Random Throat Slashing on Colorado Campus
Alleged Attacker Mentally Ill, Worked on Campus; Freshman Victim Expected to Recover
By DAVID SCHOETZ
Aug. 28, 2007
The brazen throat slashing of an incoming freshman Monday shook the University of Colorado's Boulder campus on the first day of school.
Micheal George Knorps, 17, was leaving the university's student center around 9:30 a.m. Monday just days after arriving on campus.
At the same time, according to police and university officials, Kenton Drew Astin, a 39-year-old former campus employee with a history of mental illness, parked across the street from the building, exited his vehicle, began shouting incoherently and attacked Knorps.
The suspect grabbed Knorps from behind and sliced his throat, according to a release issued by the University of Colorado's Boulder. The injured student freed himself as officers from the Boulder Police Department and Boulder County Sheriff's Office responded, demanding that Astin drop his weapon.
Instead, he turned the weapon on himself. "The suspect began to stab himself with the knife and officers deployed a Taser to disable the suspect and then took him into custody," the release reads.
Both men were transported to a local hospital. Knorps, of Winnetka, Ill., underwent surgery Monday to repair a neck wound and is expected to make a full recovery, according to University Chancellor G.P. "Bud" Peterson, who has been in communication with Knorps' family. Astin remains in the hospital with serious injuries.
Astin allegedly was carrying a backpack at the time, but early reports suggesting he was carrying bomb-making materials turned out to be false.
The attack in Boulder happened less than five months after 32 students and faculty were killed at Virginia Tech by Seung-Hui Cho and just a week after the student body returned to Blacksburg, Va., for the first time since the massacre.
A Virginia Tech panel investigating the rampage last week recommended a series of security reforms in its internal report that included closer monitoring of mentally troubled students and improving campuswide communications during security incidents.
In the Boulder attack, the university sent out a text message at 10:20 a.m. to approximately 1,300 students, parents, faculty and staff enrolled in a service activated on the campus less than a week ago.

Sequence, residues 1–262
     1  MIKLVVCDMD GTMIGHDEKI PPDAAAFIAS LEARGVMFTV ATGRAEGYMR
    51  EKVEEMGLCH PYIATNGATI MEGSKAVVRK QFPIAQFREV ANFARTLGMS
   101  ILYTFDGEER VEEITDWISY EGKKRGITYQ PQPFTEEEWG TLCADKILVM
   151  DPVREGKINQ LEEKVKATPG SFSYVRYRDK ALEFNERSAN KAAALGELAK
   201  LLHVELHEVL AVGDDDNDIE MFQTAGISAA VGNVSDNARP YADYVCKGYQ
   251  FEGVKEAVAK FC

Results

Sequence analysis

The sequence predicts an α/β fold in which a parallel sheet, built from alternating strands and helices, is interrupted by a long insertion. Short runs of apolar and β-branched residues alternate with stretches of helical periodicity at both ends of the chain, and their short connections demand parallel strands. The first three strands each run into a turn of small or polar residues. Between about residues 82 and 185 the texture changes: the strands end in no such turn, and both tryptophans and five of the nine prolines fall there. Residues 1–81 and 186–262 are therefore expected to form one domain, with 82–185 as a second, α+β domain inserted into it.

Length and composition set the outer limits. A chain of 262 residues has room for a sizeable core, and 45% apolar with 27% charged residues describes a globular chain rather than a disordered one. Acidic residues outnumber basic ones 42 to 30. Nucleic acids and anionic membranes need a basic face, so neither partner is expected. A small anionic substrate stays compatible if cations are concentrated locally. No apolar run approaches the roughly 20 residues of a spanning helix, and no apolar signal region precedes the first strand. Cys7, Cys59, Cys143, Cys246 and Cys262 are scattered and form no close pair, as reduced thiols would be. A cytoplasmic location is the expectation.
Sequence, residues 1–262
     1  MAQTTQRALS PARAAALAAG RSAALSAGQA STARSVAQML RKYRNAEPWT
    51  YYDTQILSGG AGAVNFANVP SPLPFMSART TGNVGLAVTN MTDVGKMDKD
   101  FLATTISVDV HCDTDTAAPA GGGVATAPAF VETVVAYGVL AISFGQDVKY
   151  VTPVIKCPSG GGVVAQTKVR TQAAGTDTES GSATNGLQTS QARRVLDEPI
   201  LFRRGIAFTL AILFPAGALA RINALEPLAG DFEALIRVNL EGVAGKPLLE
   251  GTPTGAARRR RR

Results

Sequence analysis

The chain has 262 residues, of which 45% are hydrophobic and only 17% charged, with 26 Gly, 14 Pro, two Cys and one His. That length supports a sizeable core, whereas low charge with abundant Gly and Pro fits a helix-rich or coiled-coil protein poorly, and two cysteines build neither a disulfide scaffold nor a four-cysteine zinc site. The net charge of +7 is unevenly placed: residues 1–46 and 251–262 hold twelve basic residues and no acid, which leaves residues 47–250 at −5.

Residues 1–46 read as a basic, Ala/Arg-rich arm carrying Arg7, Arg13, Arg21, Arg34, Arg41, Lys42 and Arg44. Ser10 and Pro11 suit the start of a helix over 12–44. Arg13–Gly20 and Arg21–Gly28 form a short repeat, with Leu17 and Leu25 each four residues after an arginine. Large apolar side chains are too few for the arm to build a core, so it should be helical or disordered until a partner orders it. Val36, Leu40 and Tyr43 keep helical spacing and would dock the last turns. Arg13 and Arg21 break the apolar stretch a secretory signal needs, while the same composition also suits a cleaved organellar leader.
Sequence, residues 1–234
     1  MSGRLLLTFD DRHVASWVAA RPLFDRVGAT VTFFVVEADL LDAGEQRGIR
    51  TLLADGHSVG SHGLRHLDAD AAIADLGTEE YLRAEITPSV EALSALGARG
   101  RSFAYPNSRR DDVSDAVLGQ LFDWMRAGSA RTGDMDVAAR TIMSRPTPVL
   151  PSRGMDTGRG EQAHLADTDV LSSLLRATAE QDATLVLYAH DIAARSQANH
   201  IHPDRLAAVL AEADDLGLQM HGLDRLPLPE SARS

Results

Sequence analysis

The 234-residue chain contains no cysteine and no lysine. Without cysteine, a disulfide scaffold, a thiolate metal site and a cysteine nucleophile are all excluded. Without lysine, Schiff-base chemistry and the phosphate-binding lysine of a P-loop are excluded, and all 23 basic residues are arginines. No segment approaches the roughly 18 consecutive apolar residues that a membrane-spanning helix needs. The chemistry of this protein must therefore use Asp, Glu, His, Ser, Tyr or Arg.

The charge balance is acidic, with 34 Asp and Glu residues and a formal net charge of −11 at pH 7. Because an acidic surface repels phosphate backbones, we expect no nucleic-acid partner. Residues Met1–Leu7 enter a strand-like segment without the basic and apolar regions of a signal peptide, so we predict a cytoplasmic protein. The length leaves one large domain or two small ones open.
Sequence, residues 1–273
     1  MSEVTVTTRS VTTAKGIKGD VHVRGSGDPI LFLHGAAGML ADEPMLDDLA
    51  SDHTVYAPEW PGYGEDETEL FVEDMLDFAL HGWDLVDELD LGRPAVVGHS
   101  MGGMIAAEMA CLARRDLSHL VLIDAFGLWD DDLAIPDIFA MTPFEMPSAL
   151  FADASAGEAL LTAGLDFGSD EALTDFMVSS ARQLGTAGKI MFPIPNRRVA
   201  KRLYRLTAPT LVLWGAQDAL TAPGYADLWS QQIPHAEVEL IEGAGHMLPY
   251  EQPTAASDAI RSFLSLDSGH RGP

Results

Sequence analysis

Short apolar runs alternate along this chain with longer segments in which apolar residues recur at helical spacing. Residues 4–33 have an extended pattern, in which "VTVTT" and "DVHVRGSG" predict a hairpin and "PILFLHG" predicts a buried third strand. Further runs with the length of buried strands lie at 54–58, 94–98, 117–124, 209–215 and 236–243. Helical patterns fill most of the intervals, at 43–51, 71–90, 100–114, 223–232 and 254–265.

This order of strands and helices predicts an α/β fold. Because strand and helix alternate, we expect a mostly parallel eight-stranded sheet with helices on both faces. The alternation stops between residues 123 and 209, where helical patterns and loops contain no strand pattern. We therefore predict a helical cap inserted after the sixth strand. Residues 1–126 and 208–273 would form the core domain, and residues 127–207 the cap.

University administrators have urged members of the community to sign up for the text messages as a security precaution. After the killings at Virginia Tech, college campuses across the country established such messaging programs.
University of Colorado officials released as much information as possible to the public as details about the suspect emerged.
Late Monday, the university announced that Astin had worked without incident for the university as a temporary employee from October 2006 until April 2007. He was a cashier at the grill inside the building near where the stabbing occurred.
Astin had a criminal record and a history of mental illness. In 2001, according to the university, he was charged with larceny, assault and criminal intent to commit first-degree homicide. He was found not guilty by reason of insanity and was sent to the state mental hospital in Pueblo, Colo. For the last two years, he worked under a Boulder-based release program, which referred him to the university for his campus job.
Peterson, the university chancellor, immediately ordered criminal background checks for all new employees, permanent or temporary, as well as checks of existing employees.
The university also suspended its relationship with the program that had referred Astin, as well as other similar agencies, and placed seven current campus employees referred from the program on suspension while conducting further background checks.
"All campus resources have been called into action to respond to this random incident and to ensure the safety of our students and everyone on campus," Peterson said. "We are relieved that the student was not more seriously injured."